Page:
Mr Paul Dillon, president of UCD Students' Union, said yesterday his office had received a number of complaints from students at the college's School of Diagnostic Imaging about pressure to attend an Opus Dei event.
This took place last January in Dublin and was called The Richness of the Human Person, according to Mr Dillon.
As far as we're concerned, attendance at the meeting was compulsory, he said. The lecturer noted the names of all those who didn't attend the meeting last January . . . students felt intimidated into going.

A University representative said that the allegations were being taken very seriously as the University is strictly non-denominational. The lecturer concerned has voluntarily stopped teaching while the complaints are investgated. UCD launches inquiry into Opus Dei claims by students - Irish Times, 3rd April 2004 (via Crazysoph).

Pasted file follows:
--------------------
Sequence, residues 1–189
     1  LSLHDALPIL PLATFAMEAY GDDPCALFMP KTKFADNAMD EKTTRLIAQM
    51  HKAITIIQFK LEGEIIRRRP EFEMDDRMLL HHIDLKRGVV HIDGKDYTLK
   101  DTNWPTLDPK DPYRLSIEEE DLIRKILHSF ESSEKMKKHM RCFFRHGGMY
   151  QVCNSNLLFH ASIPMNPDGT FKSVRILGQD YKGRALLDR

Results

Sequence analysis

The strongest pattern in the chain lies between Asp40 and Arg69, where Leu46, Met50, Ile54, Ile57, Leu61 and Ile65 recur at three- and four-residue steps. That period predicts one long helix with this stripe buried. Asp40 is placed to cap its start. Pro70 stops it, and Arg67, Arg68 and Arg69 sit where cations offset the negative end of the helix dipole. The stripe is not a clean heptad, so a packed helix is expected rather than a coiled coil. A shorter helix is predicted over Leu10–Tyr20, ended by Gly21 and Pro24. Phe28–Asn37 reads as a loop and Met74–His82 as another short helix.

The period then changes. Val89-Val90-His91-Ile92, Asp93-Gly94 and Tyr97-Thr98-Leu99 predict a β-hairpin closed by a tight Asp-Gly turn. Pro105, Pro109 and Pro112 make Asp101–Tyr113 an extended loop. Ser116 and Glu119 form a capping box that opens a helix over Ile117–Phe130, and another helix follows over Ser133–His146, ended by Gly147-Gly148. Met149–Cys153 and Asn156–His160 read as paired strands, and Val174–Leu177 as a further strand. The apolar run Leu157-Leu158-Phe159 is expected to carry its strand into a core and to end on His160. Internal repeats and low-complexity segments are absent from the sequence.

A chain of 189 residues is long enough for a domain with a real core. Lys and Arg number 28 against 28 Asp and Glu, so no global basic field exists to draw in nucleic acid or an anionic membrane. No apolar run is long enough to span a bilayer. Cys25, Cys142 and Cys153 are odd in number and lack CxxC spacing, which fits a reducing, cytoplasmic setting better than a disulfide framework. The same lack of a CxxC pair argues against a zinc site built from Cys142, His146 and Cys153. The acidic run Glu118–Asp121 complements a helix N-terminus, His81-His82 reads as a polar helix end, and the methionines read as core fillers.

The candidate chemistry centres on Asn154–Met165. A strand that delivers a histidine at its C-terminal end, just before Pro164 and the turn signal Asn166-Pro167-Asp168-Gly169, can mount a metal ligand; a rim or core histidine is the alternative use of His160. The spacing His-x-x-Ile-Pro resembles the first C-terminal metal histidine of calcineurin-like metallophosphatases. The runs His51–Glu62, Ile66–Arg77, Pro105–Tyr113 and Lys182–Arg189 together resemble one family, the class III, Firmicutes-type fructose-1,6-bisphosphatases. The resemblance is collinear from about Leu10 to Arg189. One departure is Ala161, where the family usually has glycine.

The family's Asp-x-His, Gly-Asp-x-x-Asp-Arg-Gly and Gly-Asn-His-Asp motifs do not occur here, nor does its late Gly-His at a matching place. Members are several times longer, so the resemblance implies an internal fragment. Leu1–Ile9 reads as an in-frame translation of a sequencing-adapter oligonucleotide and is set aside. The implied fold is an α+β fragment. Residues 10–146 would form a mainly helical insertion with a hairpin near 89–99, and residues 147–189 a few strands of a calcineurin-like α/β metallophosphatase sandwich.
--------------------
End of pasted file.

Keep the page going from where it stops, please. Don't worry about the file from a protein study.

School indoctrination special

Religion in the school systems, both in the UK and elsewhere, seems to be in the news right now. Firstly, Jon of Maine sends a pointer to a Boston Globe article:

PRESQUE ISLE, Maine - A seventh-grade history teacher has been placed on administrative leave, less than four months after he filed a lawsuit alleging the school district violated his First Amendment right to free speech by requiring him to adhere to a European history curriculum that emphasizes only the evolution of Christian civilization.
Citing confidentiality policies, administrators in the school district said they could not discuss the reasons Gary Cole was placed on the paid leave last month. Cole, 60, of Washburn, declined to discuss the lawsuit or the administrative leave, referring questions to his lawyer, A.J. Greif of Bangor. Greif said that if one sues a school district and suddenly finds a more hostile working environment, I think a causal link between the two can be easily inferred.